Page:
You make me wish I knew more about Rome.
It’s a good reminder that Rome had an identity/value for individuals to buy into. I think it’s true, and it’s probably also true that Germany or France do not have similar non-ethnic identities; however, they certainly seem to stand for Western-style tolerance and economic mobility. And — on the other hand — the US still has an ethnic component to its identity, though it’s certainly more multi-ethnic than most European countries. So I’m not sure the problems with multiculturalism lie so much in the ideal of the country as in the execution of multiculturalism.
Take the example of the Goths in the Roman Empire. The Goths were partially admitted as soldiers, but many came as “refugees” from the Hun invasions of AD 375, in return for military service. Their mistreatment at the hands of Rome, essentially Rome’s refusal to apply their usual tolerance/multiculturalism to these “barbarians,” led to deep Gothic bitterness and eventual uprising against the Roman government. In this case I think we see danger for the modern West — an ideal of tolerance or justice is worse than no ideal at all if it ends up being a hypocrisy. Some refugees I talk to are more angry at Greece (which has sheltered them from war or distress) than at Saudi Arabia (which refused entry to most in the first place), because at least the Saudis were honest in the beginning.
And indeed, I think it needs to be made clear that I don’t think multiculturalism means unlimited immigration (nor do I think you assumed that — just for my peace of mind). Multiculturalism is more of the policy followed after migrants arrive: tolerance, kindness, a level of autonomy, and a level of participation in national culture/governance. Like the Amish within the US are given space to live their culture peaceably, as long as they respect the law and don’t conspire against the government.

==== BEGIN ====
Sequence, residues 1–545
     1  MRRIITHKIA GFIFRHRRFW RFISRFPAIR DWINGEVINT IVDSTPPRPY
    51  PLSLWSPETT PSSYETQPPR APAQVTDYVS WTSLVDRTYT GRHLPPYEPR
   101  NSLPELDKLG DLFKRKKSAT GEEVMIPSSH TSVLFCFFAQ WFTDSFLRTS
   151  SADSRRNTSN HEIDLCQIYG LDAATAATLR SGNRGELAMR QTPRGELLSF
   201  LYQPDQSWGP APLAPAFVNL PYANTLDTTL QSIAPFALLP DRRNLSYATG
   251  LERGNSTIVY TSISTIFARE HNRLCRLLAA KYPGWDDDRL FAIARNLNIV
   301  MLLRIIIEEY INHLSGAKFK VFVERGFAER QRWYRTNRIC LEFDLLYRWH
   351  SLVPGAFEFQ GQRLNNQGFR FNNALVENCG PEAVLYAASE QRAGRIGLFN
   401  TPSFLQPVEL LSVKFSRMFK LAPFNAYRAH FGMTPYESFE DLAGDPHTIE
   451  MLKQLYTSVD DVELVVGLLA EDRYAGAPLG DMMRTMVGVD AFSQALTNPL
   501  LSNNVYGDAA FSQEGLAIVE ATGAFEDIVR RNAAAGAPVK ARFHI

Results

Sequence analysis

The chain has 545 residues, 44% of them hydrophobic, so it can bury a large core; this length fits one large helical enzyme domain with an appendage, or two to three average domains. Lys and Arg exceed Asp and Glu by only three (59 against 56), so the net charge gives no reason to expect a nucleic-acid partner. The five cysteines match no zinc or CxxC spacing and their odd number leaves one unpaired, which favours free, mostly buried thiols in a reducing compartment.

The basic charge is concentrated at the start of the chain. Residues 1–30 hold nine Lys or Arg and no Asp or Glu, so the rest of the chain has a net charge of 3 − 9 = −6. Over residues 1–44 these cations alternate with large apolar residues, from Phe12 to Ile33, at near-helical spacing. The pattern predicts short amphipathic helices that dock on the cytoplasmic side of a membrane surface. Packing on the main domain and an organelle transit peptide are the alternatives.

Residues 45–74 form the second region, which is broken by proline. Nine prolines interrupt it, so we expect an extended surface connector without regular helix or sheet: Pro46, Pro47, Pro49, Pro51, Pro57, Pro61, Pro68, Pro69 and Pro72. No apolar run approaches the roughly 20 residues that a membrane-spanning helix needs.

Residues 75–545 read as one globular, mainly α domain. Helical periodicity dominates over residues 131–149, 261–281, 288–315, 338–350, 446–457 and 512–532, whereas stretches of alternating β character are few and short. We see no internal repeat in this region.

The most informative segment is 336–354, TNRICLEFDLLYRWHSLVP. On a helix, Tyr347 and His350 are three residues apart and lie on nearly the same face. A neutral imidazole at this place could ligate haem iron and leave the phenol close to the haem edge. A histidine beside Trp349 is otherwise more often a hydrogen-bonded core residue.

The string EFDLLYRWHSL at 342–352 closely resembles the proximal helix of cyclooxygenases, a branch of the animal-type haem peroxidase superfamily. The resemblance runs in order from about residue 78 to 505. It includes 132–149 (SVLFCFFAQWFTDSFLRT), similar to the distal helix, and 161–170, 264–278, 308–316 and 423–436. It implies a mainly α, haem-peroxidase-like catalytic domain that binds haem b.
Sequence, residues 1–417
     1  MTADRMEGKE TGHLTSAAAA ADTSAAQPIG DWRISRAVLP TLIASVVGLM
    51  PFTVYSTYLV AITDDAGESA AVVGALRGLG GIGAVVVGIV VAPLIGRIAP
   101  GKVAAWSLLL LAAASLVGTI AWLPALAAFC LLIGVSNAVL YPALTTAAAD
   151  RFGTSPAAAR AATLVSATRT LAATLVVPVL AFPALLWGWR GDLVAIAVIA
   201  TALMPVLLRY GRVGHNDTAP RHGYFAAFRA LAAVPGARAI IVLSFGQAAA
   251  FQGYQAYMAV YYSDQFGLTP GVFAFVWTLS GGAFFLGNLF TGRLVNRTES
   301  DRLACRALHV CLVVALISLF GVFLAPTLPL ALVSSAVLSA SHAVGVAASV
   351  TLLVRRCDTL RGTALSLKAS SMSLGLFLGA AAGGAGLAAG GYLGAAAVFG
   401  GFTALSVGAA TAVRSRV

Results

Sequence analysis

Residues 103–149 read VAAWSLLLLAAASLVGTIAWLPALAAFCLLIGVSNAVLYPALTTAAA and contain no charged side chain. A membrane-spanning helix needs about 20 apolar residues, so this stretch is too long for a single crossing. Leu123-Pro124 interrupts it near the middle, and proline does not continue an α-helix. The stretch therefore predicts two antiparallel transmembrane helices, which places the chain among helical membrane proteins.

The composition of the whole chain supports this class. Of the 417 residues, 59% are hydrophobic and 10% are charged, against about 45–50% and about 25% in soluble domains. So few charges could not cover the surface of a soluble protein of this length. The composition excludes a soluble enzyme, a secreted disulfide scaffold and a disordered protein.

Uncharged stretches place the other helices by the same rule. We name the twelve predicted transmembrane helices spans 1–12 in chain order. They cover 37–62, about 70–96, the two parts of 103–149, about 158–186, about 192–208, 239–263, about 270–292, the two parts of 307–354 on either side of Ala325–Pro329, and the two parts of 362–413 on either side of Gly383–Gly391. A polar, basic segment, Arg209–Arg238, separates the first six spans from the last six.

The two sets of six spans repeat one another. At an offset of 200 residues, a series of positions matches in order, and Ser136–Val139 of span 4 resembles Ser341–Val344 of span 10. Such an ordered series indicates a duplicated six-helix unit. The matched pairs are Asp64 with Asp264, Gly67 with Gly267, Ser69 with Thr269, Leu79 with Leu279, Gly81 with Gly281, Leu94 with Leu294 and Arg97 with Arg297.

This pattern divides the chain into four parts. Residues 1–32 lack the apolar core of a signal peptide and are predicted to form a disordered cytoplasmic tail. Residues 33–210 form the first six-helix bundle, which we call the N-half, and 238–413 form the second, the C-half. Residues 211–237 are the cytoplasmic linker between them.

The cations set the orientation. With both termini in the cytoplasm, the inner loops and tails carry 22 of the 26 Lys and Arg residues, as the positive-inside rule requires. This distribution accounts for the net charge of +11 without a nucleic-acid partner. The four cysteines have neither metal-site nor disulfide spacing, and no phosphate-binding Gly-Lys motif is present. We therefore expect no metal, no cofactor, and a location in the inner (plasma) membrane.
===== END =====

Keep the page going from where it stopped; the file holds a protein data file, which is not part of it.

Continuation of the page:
Of course, some people emigrate for better opportunities and become disillusioned by what they perceive as the hypocrisy I mentioned earlier. That seems to be one of the major reasons for radicalization of Muslims in Europe and for the creation of urban second-generation gangs in the US. And this is a serious consequence of adopting multicultural policy, of not requiring assimilation or of not refusing immigration altogether. Multiculturalism has its risks. The Roman Empire experienced the consequences. For the time being, I’m merely arguing that the potential upside is greater than the potential downside.
All right, I’ve gone on long enough. On the Crusades, I concede your point — they were not entirely monocultural, depending on the Crusader Kingdom, and the caliphates fighting them certainly were not shining examples of multiculturalism either. The Spanish Reconquista would, frankly, have been a better example of a group requiring monoculturalism. And your point on cities is very good as well — city does not equal multicultural, though perhaps they are more likely to be so.
And I love your thoughts on hospitality to strangers in ancient and modern times. We really are, as a human race, less likely to treat strangers hospitably. I’ve thought of it briefly, but have no theories of my own. Will have to ask yours sometime.